Texas superintendents have overwhelmingly approved a rule making birth certificates the official determinant of a student-athlete's gender for playing high school sports, a policy transgender advocates have decried as exclusionary and outdated.
In October, the 32-member legislative council of the University Interscholastic League, the governing body for Texas high school sports, passed on the opportunity to vote on the proposed rule, instead deciding to send it to the superintendents of member districts for approval.
Voting results, posted Thursday, show they approved the rule 586-32, with two not responding. Changes to the UIL’s constitution also require approval from the state education commissioner. But a UIL spokeswoman said then-Commissioner Michael Williams approved the policy in November, meaning it is final.
Previously, the UIL had informally enforced the policy, which now is slated to become the UIL's official position beginning Aug. 1.
The UIL’s "Non-Discrimination Policy" already bans member schools from denying students a chance to play on sports teams because of their disability, race, color, gender, religion or national origin.
The new addition to that policy says: "Gender shall be determined based on a student's birth certificate. In cases where a student's birth certificate is unavailable, other similar government documents used for the purpose of identification may be submitted."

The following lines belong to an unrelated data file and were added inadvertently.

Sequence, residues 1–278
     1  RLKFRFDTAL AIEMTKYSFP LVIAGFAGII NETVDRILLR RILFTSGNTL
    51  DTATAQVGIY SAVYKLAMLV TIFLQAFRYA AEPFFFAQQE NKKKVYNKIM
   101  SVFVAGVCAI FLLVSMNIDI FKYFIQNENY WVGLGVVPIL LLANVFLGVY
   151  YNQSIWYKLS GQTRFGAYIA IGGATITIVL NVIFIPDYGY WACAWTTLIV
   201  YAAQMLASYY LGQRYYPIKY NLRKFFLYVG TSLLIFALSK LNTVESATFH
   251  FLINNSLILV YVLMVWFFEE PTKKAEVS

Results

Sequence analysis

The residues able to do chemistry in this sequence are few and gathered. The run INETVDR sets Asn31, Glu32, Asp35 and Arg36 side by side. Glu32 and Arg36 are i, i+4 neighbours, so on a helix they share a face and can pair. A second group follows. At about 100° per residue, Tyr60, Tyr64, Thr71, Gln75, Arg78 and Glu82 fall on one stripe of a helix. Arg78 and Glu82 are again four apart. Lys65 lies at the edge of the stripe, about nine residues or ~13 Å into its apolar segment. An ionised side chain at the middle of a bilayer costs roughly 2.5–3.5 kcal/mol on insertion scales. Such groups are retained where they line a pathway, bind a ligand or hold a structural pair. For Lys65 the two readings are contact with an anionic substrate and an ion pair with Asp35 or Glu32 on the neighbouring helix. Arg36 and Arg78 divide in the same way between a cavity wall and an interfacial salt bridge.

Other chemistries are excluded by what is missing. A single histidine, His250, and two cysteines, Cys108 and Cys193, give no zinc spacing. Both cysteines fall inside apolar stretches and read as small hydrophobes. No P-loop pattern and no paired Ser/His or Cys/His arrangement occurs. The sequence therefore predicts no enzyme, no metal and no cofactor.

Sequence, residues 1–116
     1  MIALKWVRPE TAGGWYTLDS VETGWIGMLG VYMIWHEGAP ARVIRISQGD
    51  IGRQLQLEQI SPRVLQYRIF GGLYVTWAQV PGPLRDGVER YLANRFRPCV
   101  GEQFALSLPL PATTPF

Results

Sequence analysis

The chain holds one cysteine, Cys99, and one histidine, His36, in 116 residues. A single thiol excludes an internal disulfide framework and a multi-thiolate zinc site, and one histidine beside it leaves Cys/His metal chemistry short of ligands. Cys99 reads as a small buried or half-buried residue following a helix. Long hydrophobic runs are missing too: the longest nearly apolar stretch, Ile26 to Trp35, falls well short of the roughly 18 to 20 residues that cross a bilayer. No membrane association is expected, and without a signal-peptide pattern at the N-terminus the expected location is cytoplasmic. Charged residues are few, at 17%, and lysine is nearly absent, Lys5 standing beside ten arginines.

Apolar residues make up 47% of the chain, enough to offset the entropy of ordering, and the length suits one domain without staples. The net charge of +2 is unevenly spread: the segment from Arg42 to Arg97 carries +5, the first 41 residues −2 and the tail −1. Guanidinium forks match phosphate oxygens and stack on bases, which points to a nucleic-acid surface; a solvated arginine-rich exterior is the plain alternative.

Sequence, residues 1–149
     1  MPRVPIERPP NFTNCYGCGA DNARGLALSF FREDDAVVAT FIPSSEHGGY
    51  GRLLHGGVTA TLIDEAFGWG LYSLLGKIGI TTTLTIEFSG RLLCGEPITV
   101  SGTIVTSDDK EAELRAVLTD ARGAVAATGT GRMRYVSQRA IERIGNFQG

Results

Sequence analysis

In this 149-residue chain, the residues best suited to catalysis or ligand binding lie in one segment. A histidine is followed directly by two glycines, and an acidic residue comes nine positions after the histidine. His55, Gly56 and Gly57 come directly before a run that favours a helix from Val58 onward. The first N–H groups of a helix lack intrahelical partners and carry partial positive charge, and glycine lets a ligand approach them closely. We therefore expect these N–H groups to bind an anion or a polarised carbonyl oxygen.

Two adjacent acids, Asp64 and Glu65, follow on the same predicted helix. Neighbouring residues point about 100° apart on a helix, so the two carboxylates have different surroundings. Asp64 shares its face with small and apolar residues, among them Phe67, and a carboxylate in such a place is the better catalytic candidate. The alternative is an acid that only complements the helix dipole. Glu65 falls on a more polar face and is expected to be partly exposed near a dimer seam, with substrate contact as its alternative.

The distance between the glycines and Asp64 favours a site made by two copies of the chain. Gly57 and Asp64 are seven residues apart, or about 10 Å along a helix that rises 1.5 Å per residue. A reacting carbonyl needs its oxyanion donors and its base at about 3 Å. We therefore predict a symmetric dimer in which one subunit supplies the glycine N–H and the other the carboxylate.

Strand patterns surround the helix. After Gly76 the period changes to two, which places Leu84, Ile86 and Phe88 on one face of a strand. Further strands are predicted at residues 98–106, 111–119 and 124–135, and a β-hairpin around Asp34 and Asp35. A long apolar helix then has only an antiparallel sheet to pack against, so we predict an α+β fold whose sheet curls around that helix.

Transgender advocates say this kind of policy will prevent transgender kids from playing sports because most do not identify with the gender on their birth certificates and changing it requires having sex reassignment surgery.
Many states are moving in the opposite direction of Texas, with more than a dozen having adopted policies in recent years that allow transgender student-athletes to participate in sports based on their gender identity — not the gender on their birth certificates. The National Collegiate Athletic Association has a similar policy.
The concern that transgender girls will be far better players than those who were born female has not panned out in states that have adopted policies that allow transgender student-athletes to participate based on gender identity, according to Asaf Orr, the staff attorney for the Transgender Youth Project at the National Center for Lesbian Rights.
"We are not getting these hulking guys claiming to be girls dominating sports," Orr told the Tribune in October. "If we do see strong transgender athletes, it’s because they're superstar athletes; it's not because they're transgender."
Correction: An earlier version of this story incorrectly said current Education Commissioner Mike Morath approved a change in the University Interscholastic League's policy. The policy change was approved last year by Michael Williams, who was commissioner at the time.